Does It Matter How I Live? - Matthew 5:11–16

As I thought about the tragedy of the past week, and specifically the actions of Officer Terrence Carraway, I noticed in particular, as I’m sure many of you did, how long he had been a police officer. Almost 31 years. Already long enough to retire with great financial benefits, and very close to retiring with even greater benefits. Yet when he heard the call to assist other officers, he didn’t decide to stay out of harm’s way.

Does It Matter How I Live? - Matthew 5:11-16

He didn’t conclude that he only had a short time until retirement, so someone else could handle this one. Instead, he remained true to his oath, because it matters how a police officer lives. It’s not enough for officers to say they will always serve and protect. He obviously knew and lived by that. He was the real deal, a genuine officer of the law. This morning, for the second week in a row now, we’ve heard individuals take an oath. Do you now resolve and promise, in humble reliance upon the grace of the Holy Spirit, that you will endeavor to live as becomes the followers of Christ?

There is so much honor and value and integrity wrapped up in the life and sacrifice of Officer Carraway, and also, there is a tremendous example of what it means to be genuine. To be devoted. Today in Matthew 5 we continue with Jesus’ words about those who claim to be devoted to him. Those who would say they are his genuine followers. Jesus tells us that it’s not enough just to say you are a follower. How we live matters.

Many people assume that because God saves by faith through grace, it doesn’t matter how a follower of Jesus lives. Yet, Jesus calls those saved by grace through faith to endeavor to live, or attempt to live, or try hard to live, in a certain way. Therefore, if you would say you’ve been saved by faith through grace, your desire and goal should be to do your best to live as becomes a genuine follower of Jesus Christ. But how exactly should a genuine follower of Jesus live?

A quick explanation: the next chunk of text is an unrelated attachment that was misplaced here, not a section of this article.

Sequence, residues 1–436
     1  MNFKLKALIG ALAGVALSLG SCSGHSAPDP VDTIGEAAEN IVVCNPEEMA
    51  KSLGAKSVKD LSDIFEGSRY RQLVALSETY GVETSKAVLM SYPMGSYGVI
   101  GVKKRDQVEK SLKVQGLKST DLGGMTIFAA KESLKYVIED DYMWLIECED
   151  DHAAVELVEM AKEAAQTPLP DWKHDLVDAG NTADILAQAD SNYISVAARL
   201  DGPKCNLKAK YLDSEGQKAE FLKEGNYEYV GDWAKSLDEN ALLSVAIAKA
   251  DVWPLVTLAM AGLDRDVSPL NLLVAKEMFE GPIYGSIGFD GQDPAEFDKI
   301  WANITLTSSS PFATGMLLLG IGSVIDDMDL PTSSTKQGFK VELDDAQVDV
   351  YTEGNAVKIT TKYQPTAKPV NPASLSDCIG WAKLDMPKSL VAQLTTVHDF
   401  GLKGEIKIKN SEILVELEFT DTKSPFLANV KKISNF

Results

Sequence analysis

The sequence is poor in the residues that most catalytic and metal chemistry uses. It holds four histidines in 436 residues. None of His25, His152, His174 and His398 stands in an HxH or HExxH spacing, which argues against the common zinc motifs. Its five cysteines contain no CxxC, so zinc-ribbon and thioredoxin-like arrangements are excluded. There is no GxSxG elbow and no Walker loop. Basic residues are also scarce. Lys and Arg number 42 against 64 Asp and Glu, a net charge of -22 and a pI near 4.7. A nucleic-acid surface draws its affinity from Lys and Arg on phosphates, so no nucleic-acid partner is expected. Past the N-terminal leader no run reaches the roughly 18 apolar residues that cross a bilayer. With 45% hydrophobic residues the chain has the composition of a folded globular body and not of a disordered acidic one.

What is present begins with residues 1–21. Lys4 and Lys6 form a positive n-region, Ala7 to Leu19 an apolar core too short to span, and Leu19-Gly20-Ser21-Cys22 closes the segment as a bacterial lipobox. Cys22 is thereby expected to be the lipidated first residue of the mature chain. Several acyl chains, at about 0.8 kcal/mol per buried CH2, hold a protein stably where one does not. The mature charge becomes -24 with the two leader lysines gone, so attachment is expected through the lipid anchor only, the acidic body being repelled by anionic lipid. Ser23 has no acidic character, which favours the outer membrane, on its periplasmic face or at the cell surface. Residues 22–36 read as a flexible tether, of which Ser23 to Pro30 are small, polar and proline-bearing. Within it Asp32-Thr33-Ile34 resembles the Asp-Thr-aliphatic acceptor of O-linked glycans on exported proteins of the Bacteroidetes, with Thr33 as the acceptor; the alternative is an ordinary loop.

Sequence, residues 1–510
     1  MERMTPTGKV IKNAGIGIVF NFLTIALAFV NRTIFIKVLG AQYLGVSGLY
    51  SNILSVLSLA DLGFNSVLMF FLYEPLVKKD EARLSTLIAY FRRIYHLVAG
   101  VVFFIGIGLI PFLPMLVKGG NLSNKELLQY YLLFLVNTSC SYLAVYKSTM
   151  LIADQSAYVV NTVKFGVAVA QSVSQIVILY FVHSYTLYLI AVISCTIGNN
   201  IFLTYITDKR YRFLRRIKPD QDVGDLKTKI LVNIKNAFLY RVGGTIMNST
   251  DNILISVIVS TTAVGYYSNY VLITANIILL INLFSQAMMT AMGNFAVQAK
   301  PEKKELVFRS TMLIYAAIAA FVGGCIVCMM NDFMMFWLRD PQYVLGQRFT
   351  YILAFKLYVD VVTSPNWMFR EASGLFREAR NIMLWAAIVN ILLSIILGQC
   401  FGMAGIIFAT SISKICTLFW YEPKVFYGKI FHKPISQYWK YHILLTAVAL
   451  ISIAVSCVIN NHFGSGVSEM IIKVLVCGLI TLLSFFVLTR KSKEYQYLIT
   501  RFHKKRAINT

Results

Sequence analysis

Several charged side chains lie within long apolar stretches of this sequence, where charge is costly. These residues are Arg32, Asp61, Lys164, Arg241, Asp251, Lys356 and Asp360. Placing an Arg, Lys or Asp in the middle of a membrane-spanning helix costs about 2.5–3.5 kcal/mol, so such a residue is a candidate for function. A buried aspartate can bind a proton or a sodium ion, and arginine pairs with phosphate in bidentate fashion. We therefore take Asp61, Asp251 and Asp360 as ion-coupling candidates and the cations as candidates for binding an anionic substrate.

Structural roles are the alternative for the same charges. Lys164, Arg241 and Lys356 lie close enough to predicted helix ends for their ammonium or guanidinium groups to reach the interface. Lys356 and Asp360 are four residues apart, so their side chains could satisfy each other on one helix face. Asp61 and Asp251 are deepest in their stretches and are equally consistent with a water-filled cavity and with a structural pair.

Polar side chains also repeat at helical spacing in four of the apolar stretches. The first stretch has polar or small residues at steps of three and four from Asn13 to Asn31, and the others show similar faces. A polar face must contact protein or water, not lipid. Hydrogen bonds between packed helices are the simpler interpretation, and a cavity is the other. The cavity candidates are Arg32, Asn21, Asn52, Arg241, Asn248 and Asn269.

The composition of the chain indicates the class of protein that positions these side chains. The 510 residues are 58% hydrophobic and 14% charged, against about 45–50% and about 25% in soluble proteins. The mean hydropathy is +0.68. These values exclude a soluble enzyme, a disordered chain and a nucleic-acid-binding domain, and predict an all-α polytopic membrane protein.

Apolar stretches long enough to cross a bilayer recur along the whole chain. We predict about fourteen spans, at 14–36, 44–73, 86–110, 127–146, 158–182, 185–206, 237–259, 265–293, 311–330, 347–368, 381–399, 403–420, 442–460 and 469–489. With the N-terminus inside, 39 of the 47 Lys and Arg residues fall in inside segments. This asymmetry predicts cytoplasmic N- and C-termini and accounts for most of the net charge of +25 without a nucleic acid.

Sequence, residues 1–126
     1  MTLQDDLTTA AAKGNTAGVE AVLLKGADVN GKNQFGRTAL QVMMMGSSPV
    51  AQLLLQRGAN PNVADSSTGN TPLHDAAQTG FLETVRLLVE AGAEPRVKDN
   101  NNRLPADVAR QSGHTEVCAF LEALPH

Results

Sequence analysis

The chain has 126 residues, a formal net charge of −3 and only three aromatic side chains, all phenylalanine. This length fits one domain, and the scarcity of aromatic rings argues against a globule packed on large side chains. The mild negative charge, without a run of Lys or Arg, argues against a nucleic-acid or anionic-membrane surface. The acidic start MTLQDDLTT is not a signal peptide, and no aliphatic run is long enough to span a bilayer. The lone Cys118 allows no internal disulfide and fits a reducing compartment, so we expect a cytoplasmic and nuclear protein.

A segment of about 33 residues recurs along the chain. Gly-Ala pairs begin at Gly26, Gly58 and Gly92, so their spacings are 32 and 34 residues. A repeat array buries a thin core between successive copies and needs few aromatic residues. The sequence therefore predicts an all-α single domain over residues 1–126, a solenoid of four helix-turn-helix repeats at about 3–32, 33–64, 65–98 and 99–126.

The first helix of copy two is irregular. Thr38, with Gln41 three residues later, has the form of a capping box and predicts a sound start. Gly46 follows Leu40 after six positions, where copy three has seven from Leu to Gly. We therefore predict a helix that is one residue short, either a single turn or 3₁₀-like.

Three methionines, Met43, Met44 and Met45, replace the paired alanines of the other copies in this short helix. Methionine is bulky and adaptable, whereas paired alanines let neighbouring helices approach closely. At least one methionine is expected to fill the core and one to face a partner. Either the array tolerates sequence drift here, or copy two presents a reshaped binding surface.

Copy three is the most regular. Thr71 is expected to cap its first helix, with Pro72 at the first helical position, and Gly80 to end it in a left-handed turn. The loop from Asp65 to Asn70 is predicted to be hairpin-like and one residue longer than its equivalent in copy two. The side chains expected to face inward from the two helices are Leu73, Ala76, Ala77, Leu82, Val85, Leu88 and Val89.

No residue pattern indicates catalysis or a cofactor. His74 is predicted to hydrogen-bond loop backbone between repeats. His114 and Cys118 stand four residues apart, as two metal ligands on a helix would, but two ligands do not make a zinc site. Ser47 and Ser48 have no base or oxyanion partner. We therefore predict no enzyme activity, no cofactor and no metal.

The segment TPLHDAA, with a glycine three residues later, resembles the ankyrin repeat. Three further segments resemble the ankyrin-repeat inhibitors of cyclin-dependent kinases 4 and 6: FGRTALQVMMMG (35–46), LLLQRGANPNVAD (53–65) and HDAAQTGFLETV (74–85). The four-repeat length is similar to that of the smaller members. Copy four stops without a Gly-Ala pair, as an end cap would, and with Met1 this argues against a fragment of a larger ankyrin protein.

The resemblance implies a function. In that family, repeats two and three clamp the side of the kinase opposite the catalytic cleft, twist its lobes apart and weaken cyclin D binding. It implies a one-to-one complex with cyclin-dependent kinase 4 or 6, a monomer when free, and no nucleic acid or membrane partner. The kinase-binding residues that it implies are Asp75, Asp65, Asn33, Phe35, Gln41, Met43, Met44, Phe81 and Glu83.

Three ways we see here in verses 11-16. A genuine follower of Jesus:

  • adopts God-centered expectations,

  • pursues God-centered holiness,

  • and performs God-centered works.

The actions of Officer Carraway were clear evidence that his devotion was genuine. Certainly, how we live does not save us, but it does serve as evidence that we are born again – it serves as evidence that our profession of faith in Christ is genuine. So let’s look at these.

First, a genuine follower of Jesus adopts God-centered expectations for his or her life.

Starting with verse 11, Jesus switches from using “they” and “those” to using the word “you.” He’s speaking immediately now to his disciples – to his followers. Over the course of his sermon – by the end of chapter 7 – crowds would be gathered around Jesus, but here those specifically with a devotion to Christ are in view. In verses 11 and 12, Jesus deals with the expectations that his followers should have regarding mistreatment. It sounds inevitable. Look again at verse [11] “Blessed are you when others revile you and persecute you and utter all kinds of evil against you falsely on my account.” Jesus says there will be insults, harassment, trouble, even false accusations.

We know that in the early church, in the first century, well after the ascension of Jesus to heaven, there were false rumors spread about those who believed in Jesus.